Aug 17, 2001 6:40 AM
|My Ultegra 1" threaded headset will index after a few months of riding. If I pull it and reinstall the problem goes away but comes back in 500miles. What gives?
Hmmm, just notices the little teeny, barely noticible indents/marks in the races. Next q = how did they get there? Was my headset too tight? I may have an ovalized headtube courtesy a flying trip into a ditch which trashed a front wheel. Thanks for the insight.
|Get the head tube faced||Mike Prince|
Aug 17, 2001 6:57 AM
|The top and bottom surfaces of your head tube may not be parallel to each other. Most good shops have the tools to do this. Before having this done (unsure of cost) have them inspect the head tube for deformation. A crash shouldn't have ovalized the head tube, although you could have a bent frame or the head tube could be bent along its long axis. Best to get the alignment checked first then start looking at facing the HT if everything checks out.
Aug 17, 2001 7:16 AM
|Most likely your headset is pitted due to improper adjustment of the bearings. Headsets use two opposing races which can be moved relative to one another. If the adjustment is too tight there will be too much pressure on the bearing surfaces and balls and the system will quickly wear out. If the adjustment is too loose there will be movement or "play" between the parts. This will cause a knocking in the bearing surfaces and they will wear out prematurely. You don't mention how old your current headset is but you probably just need a new headset.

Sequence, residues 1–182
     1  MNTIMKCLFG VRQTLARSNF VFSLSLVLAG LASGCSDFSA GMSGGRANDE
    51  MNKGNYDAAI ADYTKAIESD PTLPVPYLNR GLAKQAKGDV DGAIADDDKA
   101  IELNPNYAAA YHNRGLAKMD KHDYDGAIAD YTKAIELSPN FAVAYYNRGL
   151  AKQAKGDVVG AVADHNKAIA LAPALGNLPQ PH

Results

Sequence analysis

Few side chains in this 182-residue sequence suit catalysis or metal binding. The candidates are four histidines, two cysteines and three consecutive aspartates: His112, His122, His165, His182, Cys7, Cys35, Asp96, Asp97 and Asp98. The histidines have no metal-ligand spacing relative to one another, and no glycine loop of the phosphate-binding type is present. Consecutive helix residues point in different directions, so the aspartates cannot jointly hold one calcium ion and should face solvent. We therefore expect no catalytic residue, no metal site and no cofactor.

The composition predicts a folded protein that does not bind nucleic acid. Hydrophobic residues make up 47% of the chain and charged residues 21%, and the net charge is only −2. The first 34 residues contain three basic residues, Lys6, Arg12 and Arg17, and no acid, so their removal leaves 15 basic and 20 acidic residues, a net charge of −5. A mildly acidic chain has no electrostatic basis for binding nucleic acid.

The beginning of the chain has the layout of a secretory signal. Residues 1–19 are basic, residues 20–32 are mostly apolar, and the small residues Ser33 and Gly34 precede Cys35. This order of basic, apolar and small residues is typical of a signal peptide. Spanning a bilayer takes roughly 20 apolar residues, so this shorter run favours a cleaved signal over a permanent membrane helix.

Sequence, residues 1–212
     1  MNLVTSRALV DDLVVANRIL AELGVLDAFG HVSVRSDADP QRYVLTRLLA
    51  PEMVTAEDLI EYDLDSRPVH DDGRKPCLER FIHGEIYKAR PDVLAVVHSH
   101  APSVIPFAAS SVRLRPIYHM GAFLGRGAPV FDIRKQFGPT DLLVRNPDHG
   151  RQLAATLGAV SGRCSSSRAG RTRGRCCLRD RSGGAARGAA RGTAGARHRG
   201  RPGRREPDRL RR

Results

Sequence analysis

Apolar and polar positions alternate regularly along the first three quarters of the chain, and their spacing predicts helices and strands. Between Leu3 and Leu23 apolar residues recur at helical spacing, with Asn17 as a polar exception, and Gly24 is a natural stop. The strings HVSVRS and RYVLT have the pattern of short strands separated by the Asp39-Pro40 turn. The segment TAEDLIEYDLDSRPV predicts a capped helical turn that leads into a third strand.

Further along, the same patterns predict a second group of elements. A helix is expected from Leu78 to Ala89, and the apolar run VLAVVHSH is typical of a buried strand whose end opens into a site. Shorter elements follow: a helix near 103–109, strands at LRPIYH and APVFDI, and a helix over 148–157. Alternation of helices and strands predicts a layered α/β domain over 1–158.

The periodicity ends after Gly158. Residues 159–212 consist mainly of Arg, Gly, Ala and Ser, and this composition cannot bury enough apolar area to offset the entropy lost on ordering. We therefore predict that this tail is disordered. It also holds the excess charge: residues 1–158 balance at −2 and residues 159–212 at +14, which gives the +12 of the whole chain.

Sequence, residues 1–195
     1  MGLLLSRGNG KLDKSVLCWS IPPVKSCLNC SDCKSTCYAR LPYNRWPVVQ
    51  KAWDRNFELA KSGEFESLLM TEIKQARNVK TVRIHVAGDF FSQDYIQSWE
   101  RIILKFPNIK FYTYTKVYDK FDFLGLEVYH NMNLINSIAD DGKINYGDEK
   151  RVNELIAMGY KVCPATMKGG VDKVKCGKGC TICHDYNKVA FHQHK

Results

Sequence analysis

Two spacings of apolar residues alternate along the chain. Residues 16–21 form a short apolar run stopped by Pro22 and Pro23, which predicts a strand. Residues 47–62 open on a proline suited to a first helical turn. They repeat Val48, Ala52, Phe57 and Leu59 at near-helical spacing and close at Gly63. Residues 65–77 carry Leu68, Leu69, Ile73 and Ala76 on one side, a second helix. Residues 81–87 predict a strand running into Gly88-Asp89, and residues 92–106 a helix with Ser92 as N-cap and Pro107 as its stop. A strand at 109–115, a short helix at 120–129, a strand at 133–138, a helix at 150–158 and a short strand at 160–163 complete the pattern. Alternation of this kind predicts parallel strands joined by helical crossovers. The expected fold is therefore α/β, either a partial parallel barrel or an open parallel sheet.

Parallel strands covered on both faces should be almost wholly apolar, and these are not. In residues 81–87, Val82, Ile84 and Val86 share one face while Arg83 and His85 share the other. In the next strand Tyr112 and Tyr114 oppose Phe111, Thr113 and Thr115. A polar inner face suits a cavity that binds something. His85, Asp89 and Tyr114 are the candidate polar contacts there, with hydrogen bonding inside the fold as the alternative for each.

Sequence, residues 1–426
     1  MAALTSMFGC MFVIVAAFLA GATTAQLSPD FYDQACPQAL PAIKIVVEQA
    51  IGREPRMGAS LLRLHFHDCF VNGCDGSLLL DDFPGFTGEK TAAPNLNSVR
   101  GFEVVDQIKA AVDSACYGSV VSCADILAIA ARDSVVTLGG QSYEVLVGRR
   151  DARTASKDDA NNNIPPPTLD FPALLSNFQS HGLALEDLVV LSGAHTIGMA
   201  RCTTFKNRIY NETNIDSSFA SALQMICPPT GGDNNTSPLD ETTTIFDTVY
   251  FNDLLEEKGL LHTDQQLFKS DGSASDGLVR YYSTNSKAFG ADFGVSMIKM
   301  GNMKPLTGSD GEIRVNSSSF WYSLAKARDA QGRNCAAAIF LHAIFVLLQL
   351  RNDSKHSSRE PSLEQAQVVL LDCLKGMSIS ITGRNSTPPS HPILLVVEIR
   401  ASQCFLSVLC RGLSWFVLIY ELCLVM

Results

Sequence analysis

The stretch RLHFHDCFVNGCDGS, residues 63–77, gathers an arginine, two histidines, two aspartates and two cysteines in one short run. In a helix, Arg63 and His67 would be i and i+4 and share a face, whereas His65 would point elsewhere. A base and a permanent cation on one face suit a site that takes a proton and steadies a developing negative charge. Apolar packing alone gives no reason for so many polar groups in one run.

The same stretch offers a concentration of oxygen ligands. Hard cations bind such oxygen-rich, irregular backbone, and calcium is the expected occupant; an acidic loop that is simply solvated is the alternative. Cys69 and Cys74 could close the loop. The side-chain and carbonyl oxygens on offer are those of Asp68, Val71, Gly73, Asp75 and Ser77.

Even if you headtube was ovalized or improperly faced you wouldn't have "indexed" steering. These conditions usually lead to inconsitent binding in the headset most noticed as a tightening while the bars are turned, but now a distinct "locked on center" feeling of a pitted headset.
|Your headset is pitted. Replace it.||MB1|
Aug 17, 2001 7:23 AM
|Headset bearings and races take some tough hits, the damage you have is not unusual. It can be from 1 hard hit and wear or bad adjustment and wear. The only fix is replacement. You ought to have your fork alignment checked too as well as looking at the head tube.
There can be a lot of hidden damage after a crash hard enough to trash a wheel. Things like this are why ATBs are built so much tougher than road bikes.
|Double a headset's life...||StraightBlock|
Aug 17, 2001 3:40 PM
|...by replacing the caged bearings with loose ball bearings of the same diameter (it will take about twice as many loose bearings as are in the cage), or use caged bearings if you've got loose bearings. That will move the balls out of alignment with the "indexed" spots (actually "brinnelled).|| |